Business Groups Rate Missouri Legislators’ Efforts
(St. Charles, MO) – In football terms, the second half of the 2013 Missouri Legislative Session gets underway this week.
How are lawmakers doing in the eyes of Missouri’s business community?
Both Brad Jones from Missouri’s chapter of the National Federation of Independent Business and Associated Industries of Missouri President Ray McCarty weigh in on that.
As lawmakers return to the Capitol, Jones says they – and interest groups around the state – get back to work with a better idea of which issues to keep working on and which to think about pushing next year.
“If you haven’t had a bill heard in your own house committee by Spring Break, it probably isn’t going to have time to pass.”
The Legislative session ends May 17th.
Jones calls the progress on a plan to change Missouri’s tax rates “exciting.” That proposal would lower the personal and business income taxes over the next five years while increasing the sales tax rate. That matters to small business in a way most people may not realize, according to Jones.
“From the small business standpoint, about 70% of them actually pay [taxes] as individuals.”
“Anything you do to the individual income tax, you’re doing to small business.”
Jones says that’s around 130,000 business owners in the state. He also believes lowering taxes would impact the entire state, saying business owners won’t pocket the extra money not spent on taxes; they’ll use it to increase business. In other words: he thinks that means more people being hired.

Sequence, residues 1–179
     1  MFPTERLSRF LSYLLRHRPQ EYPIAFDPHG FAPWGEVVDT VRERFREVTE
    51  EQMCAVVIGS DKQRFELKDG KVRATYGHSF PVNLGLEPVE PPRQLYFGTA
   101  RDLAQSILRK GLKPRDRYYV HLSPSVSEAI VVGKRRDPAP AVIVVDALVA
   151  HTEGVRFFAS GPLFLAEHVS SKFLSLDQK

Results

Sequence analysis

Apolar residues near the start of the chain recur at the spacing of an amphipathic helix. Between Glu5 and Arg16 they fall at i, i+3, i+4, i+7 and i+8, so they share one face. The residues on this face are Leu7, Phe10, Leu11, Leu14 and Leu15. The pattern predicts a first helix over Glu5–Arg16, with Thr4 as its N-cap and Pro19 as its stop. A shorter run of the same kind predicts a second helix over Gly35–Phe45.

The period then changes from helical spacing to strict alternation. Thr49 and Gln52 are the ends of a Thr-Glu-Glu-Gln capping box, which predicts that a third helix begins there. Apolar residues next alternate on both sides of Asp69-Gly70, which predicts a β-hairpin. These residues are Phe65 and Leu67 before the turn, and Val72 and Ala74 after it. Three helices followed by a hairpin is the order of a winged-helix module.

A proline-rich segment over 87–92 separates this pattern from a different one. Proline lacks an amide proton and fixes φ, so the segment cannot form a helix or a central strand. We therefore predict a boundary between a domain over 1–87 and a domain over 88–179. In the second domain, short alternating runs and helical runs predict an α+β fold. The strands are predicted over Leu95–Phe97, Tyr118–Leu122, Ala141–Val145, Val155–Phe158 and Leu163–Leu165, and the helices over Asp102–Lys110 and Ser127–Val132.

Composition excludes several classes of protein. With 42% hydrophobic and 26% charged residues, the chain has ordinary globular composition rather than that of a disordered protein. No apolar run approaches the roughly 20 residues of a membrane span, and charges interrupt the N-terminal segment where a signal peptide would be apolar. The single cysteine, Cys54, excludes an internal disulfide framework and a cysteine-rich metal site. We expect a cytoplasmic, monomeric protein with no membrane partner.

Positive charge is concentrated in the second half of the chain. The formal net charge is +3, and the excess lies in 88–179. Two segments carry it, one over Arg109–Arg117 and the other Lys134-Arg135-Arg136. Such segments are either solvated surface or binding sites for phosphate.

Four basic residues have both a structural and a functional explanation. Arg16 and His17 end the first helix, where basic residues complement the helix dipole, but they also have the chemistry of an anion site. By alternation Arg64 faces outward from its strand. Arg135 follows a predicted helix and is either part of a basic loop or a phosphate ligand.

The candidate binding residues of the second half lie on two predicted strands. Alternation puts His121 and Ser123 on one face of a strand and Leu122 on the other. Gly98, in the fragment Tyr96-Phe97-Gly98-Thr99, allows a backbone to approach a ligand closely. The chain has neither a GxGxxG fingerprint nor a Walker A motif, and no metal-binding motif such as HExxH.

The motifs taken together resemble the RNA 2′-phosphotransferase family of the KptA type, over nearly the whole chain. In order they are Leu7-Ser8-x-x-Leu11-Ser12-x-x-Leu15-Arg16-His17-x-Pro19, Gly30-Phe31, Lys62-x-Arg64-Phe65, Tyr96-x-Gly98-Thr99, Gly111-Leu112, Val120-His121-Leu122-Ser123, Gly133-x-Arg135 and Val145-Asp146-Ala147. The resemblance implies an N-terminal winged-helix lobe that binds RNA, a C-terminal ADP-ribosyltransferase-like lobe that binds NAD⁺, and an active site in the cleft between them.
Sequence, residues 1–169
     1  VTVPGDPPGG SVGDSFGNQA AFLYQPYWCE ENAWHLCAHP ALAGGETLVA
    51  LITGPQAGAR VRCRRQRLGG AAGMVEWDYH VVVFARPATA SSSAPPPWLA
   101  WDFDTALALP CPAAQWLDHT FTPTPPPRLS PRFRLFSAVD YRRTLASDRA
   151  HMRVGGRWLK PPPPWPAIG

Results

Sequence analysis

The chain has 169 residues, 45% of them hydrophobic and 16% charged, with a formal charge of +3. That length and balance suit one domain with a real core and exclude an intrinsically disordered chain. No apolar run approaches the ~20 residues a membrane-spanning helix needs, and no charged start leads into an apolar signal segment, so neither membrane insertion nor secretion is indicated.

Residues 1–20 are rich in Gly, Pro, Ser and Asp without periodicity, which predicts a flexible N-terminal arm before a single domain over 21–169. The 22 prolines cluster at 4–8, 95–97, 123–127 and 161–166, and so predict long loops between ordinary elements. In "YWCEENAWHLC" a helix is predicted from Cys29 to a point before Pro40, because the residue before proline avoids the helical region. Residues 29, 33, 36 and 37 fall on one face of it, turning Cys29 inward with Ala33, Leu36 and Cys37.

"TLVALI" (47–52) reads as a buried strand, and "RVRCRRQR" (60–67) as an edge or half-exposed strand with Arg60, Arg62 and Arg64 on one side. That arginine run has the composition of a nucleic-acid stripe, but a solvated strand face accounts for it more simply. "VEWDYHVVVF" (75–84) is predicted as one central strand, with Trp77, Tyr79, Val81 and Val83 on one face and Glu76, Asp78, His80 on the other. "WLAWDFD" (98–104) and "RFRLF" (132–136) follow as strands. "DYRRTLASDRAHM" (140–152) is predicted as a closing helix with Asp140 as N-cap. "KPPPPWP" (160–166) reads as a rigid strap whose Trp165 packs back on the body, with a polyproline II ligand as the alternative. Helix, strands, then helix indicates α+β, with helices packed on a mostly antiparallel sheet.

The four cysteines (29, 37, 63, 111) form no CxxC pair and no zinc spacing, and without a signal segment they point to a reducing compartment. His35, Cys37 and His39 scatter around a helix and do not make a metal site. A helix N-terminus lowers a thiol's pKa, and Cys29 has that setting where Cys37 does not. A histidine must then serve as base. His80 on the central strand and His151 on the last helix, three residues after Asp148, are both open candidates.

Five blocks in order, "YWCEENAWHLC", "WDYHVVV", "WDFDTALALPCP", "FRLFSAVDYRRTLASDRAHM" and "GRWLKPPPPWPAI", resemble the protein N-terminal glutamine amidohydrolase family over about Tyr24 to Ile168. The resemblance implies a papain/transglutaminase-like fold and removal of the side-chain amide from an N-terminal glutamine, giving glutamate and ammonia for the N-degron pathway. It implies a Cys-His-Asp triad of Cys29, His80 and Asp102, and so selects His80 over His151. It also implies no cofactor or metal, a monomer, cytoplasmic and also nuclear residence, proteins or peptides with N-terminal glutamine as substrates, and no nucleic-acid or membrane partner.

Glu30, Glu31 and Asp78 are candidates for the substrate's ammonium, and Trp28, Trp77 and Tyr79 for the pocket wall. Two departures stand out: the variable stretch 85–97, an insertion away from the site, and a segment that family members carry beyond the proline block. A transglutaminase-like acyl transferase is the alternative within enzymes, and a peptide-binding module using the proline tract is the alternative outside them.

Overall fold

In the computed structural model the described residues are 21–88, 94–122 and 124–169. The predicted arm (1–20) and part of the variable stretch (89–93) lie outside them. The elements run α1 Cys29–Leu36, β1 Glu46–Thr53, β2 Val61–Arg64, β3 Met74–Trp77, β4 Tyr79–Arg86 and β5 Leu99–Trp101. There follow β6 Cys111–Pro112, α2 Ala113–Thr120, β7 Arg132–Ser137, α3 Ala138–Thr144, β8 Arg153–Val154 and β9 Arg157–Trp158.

“The greatest economic development tool is lowered taxes on your businesses.”
In addition to tax policy, both Jones and McCarty want to see changes to the state’s workers’ compensation plan, especially the role of the Second Injury Fund.
Jones wants state officials to remember the impact state policy has on businesses in addition to the workers who rely on the claims. Workers’ compensation, for instance, is a cost that affects the rest of the budget.
While the workers’ comp system is improving, according to Jones, the Second Injury Fund and the costs associated with it still worry employers.
“…over the past 10 to 15 years, that fund has been tapped at an incredible rate and now it’s broke.
“We need to get it either solvent or gone…but, in its present form, we’re not too excited about the prospects.”
While NFIB is not saying much right now about the proposed Medicaid expansion in the state, Associated Industries of Missouri is on board.
“Because it’s become so politicized, you know, people associate this Medicaid expansion with ‘ObamaCare’ and, frankly, Missourians don’t like ‘ObamaCare’…regardless of where you stand on ‘ObamaCare”, one of the things the federal bill did is it cut payments to hospitals and providers to provide services to people who can’t pay.”
McCarty says expanding Medicaid, with mostly federal money, would help offset those costs that would otherwise be passed on to consumers through higher insurance rates or higher hospital costs.
AIM’s support for the plan, though, is somewhat conditional. McCarty says the current Medicaid system needs reformed if it’s going to be expanded. Specifically, McCarty says inefficiencies and fraud need to be eliminated right away.
Among the proposals AIM wants to see passed this year is so-called “Right To Work” legislation that would ban the requirement of union membership as a condition of employment. McCarty isn’t holding his breath on that one, though, as the Governor has promised a veto and even the Republican super-majorities don’t appear to have the votes needed to override that.
On the web:
NFIB Missouri http://www.nfib.com/missouri